Institute of Meteorology (INSMET), Havana, Cuba
The eOsphere polar orbiting satellite reception system was supplied to the Instituto de Meteorología de Cuba (INSMET), Havana, Cuba, in 2017. INSMET is the national meteorological service for Cuba specialising in meteorological now- and fore-casting, numerical weather prediction and agrometeorology. INSMET has a long history of hurricane tracking in the Caribbean and captured many useful images of hurricanes Irma and Maria which passed closed by shortly after installation.
Regional Organisation for Protection of Marine Environment (ROPME), Kuwait
The eOsphere Marine Environment Monitoring system was supplied to the Regional Organisation for Protection of Marine Environment (ROPME) in 2018. ROPME is a multi-national organisation established to monitor the marine environment in the Arabian Gulf and around the Arabian Peninsular. The system is being used to monitor all aspects of water quality, particularly the detection and tracking of oil slicks, using MODIS and VIIRS visible channel reflectances, algal blooms and ocean fronts, with products published to the community via ROPME’s web-site, research and periodical reports.
University of Terengganu, Institute of Oceanography, Malaysia (UMT-INOS)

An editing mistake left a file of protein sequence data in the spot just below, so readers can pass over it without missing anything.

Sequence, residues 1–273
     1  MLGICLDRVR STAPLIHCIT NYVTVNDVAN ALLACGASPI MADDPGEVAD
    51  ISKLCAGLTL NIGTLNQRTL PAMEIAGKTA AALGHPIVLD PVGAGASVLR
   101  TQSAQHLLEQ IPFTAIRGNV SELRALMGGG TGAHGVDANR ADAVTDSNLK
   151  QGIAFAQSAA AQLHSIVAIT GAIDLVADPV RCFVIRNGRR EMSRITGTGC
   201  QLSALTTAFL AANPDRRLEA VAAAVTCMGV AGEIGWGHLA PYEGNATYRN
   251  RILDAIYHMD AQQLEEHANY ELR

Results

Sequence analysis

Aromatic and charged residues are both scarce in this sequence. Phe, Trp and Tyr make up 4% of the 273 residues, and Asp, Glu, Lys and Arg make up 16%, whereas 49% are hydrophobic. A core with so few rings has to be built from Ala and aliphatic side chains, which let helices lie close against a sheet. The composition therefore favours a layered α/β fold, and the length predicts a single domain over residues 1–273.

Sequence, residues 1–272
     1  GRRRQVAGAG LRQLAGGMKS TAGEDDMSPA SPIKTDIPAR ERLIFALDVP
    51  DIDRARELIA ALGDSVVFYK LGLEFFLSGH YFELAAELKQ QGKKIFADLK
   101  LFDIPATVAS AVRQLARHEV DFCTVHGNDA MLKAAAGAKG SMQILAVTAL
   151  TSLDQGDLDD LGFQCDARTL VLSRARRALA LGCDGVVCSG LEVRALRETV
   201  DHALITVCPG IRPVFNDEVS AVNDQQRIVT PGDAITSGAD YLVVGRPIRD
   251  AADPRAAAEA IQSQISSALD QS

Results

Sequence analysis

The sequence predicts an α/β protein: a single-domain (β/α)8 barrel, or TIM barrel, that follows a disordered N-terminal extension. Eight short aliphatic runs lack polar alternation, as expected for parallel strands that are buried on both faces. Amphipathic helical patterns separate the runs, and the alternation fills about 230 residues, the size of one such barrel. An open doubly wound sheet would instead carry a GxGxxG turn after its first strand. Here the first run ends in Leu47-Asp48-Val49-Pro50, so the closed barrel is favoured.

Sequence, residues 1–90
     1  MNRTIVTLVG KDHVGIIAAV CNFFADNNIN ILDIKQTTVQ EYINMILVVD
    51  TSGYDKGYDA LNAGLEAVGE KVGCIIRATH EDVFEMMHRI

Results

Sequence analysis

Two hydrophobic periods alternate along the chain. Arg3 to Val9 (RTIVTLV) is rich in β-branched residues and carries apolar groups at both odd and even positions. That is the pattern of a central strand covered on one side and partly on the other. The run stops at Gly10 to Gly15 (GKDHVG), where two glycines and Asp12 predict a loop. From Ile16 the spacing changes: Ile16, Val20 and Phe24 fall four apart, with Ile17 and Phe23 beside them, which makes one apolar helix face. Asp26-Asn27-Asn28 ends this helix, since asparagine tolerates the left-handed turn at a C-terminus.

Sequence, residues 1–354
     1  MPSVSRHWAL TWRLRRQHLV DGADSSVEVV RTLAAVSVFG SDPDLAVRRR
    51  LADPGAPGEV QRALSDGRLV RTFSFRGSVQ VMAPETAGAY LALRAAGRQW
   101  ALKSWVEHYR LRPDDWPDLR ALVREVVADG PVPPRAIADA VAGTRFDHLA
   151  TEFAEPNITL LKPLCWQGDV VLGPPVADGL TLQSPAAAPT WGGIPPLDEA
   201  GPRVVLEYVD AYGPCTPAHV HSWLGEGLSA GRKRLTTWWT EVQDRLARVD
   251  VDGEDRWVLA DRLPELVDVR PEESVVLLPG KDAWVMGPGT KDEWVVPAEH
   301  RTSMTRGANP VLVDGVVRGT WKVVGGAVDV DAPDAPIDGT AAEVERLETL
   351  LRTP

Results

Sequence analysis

The eOsphere Marine Environment Monitoring system was supplied to the University of Terengganu, Institute of Oceanography (UMT-INOS), Malaysia, in 2012. UMT-INOS is teaching and research university specialising in monitoring of the marine environment and undertakes research of national importance in marine biodiversity, endangered species and marine environmental governance in Malaysian waters.
National Agency for Meteorology and the Environment Monitoring (NAMEM), Mongolia
The eOsphere polar orbiting satellite reception system was supplied to the National Agency for Meteorology and the Environment Monitoring (NAMEM) of Mongolia in 2007, upgraded for reception of new polar orbiting satellites in 2012 and technology refreshed in 2019 as part of the SIBELIUs project. NAMEM is the national meteorological service for Mongolia specialising in meteorological now- and fore-casting, numerical weather prediction and agrometeorology and includes the Information and Research Institute of Meteorology, Hydrology and Environment (IRIMHE) specialising in research for all applications of EO data in Mongolia.
Shanghai Ocean University (SHOU)
The eOsphere Marine Environment Monitoring system was supplied to the Shanghai Ocean University SHOU) in 2007, upgraded for reception of new polar orbiting and geostationary satellites in 2013 and 2015 and technology refreshed in 2018. SHOU is teaching and research university specialising in monitoring of the marine environment, fisheries and aquaculture. The system is used as a teaching tool for ocean remote sensing and undertakes research into the marine environment of the Chinese sea areas.